This article summarises the five main myths (and the truthful answers) that we commonly hear when discussing trade mark protection with business owners.
1. I have registered a company name, so I don’t need a trade mark
TRUTH: Registering a company name at Companies House merely stops anyone else registering the same or very similar company name. Unless you register your name as a trade mark, the name can be left free for other companies to use.
2. It can wait until I hit the big time
TRUTH: A “first-to-file” system exists in the UK, and generally therefore once an application is filed, anyone that files after you, is behind you in the queue.
This means that applications should be filed at the earliest opportunity, and in fact one of the advantages of trade marks is that they can be secured in advance.
Delaying filing a trade mark can have serious adverse consequences, especially if you are heavily promoting the product on social media. Opportunists can file for the mark themselves. It may be possible to ultimately wrest control of your property back, but it’s an expensive and stressful way to conduct business, when such problems could have been easily avoided.
3. I don’t need a trade mark as I’ve been around for ages
TRUTH: Owning a registered trade mark is the best way to be able to prevent others from using what’s rightfully yours.
If you don’t have a trade mark registration, but have been using for some time, it is possible to take action against someone else who is using your mark, on the basis of “passing off”. This is notoriously difficult and time-consuming to prove in court, and is therefore beyond the financial capabilities of most businesses.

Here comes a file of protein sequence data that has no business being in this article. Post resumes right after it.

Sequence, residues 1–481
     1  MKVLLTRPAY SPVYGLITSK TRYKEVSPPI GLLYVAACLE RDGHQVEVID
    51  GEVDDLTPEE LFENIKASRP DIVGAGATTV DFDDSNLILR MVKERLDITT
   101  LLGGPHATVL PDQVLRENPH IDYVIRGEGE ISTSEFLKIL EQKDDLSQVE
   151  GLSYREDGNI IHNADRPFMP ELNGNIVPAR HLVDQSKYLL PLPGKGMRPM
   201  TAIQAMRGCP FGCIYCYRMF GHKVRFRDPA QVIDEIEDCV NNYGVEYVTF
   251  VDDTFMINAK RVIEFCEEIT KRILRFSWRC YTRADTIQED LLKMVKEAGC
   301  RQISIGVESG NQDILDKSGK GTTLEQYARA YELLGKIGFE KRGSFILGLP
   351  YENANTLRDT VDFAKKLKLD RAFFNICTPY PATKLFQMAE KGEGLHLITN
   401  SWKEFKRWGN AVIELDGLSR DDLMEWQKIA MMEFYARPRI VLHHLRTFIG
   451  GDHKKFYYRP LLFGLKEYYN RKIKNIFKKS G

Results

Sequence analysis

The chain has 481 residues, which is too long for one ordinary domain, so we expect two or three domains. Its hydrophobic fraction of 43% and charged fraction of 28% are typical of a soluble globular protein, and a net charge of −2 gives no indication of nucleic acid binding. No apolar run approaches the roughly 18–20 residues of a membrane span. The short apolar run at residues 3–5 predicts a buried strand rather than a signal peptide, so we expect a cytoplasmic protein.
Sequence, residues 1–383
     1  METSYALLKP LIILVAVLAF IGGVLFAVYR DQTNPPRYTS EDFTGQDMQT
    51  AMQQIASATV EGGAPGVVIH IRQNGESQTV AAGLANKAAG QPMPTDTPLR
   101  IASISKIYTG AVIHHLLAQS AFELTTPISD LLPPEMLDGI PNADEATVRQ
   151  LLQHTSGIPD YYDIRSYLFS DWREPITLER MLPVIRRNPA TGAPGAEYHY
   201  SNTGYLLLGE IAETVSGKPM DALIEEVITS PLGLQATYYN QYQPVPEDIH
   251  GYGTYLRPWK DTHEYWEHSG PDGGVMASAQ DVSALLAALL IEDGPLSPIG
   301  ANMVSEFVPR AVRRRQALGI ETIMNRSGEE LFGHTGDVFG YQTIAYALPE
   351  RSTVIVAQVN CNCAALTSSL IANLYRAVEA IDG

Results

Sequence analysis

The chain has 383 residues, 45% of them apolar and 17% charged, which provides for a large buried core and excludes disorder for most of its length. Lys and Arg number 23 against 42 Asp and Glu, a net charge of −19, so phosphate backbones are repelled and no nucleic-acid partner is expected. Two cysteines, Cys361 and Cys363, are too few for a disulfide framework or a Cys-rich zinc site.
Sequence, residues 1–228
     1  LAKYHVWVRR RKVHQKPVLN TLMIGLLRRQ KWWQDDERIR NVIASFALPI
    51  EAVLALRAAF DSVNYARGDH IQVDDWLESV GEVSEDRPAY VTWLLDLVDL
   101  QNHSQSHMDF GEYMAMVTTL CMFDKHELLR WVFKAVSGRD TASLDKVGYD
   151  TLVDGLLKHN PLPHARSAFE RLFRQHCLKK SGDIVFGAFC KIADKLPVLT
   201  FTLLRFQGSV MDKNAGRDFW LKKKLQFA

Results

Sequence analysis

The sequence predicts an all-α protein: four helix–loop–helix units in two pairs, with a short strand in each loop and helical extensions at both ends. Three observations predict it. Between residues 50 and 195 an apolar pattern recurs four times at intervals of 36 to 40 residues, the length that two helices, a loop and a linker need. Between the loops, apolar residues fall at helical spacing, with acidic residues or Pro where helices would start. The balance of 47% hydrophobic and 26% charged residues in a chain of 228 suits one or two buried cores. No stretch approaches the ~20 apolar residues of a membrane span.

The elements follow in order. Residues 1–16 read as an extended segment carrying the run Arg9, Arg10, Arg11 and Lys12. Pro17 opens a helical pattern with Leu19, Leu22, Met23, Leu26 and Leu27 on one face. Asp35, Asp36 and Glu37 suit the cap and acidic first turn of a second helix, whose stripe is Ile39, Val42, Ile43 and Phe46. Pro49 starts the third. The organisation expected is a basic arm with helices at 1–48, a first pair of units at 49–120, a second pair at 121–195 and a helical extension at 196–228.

4. Obtaining registration is simple and I can register a trade mark myself
TRUTH: It is possible to register your own trade mark, and in many ways, the process can appear to be simple. However, it is only when you come to enforce your trade mark registration against a competitor that issues can come to light. By then it may be too late.
I have never seen a self-filed trade mark which has been drafted to the same level as a professional one would be. Why take the risk, when your business is so important?
5. It costs an arm and a leg
TRUTH: The costs are very reasonable relative to the gains to your business.
What’s more, trade marks add value to your company. They are an asset with a life of their own, and can be bought, sold, licensed and/or franchised.
Trade mark registration is not simply for big businesses – the law applies in just the same way, whether you are a sole trader or a large corporate.
If you’d like to find out more information on the points raised here:
Ward Trade Marks Limited is a Bury St Edmunds based specialist trade mark attorney firm.
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